Kindly be advised that if you are exiting Israel to Jordan or Egypt at one of the border crossings and returning to Israel, the V.A.T. refund for your purchased items in Israel will apply only if your stay in Jordan or Egypt did not exceed 48 hours (from departure to return). Otherwise, for any VAT refund to apply, you must make your purchases only after returning from Jordan or Egypt.

Please Note: Passengers who are in possession of an Israeli Passport (including those with dual citizenship) may be subject to a 17% V.A.T. charge levied in Israel at the hotels or for car rentals. It must be paid, if requested, directly to the hotel/establishment. Please note that Isram Israel assumes no responsibility whatsoever for any charges to your account made by an establishment.

Banking Hours

Sunday, Tuesday & Thursday from 8:30 a.m. to 12:30 p.m. and from 4:00 to 5:30 p.m., Monday & Wednesday from 8:30 a.m. to 12:30 p.m. and eve of holidays from 8:30 a.m. to Noon. Branches in leading hotels usually offer additional hours.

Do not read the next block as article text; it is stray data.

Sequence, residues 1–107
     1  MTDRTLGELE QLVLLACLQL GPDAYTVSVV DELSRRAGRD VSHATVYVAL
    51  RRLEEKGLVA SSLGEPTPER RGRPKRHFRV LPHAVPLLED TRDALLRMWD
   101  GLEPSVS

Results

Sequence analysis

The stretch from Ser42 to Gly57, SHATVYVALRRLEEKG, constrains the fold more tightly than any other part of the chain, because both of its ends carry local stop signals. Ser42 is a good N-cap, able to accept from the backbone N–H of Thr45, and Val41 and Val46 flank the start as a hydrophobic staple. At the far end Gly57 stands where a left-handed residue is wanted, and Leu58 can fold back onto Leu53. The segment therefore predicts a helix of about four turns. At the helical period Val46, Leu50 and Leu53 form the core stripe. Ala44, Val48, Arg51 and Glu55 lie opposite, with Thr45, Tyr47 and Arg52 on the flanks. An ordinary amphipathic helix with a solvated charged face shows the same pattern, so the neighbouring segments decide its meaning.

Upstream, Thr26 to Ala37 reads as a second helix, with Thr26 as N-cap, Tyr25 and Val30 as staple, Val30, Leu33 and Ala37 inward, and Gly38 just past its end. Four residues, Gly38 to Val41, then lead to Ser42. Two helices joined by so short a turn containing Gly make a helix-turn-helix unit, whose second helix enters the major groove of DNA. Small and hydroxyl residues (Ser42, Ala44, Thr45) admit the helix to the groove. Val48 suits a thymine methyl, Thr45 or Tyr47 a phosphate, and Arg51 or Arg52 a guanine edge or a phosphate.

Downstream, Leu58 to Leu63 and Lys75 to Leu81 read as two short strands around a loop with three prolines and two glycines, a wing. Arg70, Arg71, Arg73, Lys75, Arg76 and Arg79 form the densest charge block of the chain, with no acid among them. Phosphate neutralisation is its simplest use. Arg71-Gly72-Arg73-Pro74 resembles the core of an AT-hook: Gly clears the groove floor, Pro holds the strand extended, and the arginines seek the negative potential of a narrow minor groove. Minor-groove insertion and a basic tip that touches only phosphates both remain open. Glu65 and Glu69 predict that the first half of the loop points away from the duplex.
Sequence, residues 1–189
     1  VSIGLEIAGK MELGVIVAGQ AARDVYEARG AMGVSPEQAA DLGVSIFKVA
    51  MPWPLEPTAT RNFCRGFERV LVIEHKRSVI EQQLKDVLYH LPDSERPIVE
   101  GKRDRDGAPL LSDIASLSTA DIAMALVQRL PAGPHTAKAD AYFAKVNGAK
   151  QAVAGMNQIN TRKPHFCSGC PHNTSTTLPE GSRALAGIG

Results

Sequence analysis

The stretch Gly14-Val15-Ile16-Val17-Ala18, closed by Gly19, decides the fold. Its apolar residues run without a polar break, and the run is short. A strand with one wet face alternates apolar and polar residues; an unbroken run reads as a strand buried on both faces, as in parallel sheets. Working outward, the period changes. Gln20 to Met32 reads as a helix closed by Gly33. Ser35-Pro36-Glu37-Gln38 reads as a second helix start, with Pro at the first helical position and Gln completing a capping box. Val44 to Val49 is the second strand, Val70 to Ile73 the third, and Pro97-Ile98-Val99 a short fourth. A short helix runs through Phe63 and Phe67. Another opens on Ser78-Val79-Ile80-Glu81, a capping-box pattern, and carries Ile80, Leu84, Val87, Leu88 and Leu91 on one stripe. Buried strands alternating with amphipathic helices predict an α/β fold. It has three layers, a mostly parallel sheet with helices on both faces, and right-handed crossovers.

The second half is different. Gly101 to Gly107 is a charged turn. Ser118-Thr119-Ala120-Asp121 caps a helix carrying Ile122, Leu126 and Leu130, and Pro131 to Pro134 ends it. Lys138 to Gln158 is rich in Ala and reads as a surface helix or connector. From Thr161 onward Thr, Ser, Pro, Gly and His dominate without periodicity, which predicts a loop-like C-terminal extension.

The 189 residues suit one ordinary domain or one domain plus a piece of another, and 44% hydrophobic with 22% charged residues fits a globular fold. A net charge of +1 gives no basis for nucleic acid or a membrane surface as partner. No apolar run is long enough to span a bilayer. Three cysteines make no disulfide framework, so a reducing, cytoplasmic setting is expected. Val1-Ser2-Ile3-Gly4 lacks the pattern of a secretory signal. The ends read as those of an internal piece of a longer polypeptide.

State of Israel Bonds

Tourists holding State of Israel Bonds in their name or legally assigned to them, may redeem them at any bank prior to their date of maturity for Israeli currency (NIS) up to the equivalent of $2,500 per month of stay for each member of the family.

Time

Israeli Standard Time is 2 hours ahead of Greenwich Mean Time, 1 hour ahead of mid-European Time. Israel is 7 hours ahead of Eastern Standard Time and 10 hours ahead of Pacific U.S.A time.

Electrical Appliances

The electric current in Israel is 220 volts AC, single phase, 50 cycles. Sockets are usually three pronged and foreign-made appliances often require adapters for plugs. Israel’s voltage is 220 volts, like Europe. Most luxury hotels provide hair dryers, and virtually all hotel rooms have 110/220 electric shaver sockets. Our electricity outlets usually conform to European adapters, but hotels and electrical stores can easily supply you with the right adapter if necessary.

Weather

The weather in Israel is often compared to the temperate climate in Florida and southern California. There are sun-drenched summers and mild, balmy winters. However, as in most countries there can be sharp contrasts dependent upon the season. Year-round swimming is possible from April to October along the Mediterranean coast and the Sea of Galilee and throughout the year at the Dead Sea and the Red Sea.

The summer season (April to October) has fairly constant temperatures and is unspoiled by sudden showers. The winter season (November to March) is mild but quite cold in hilly areas (Jerusalem). Spells of rain are interspersed with brilliant sunshine.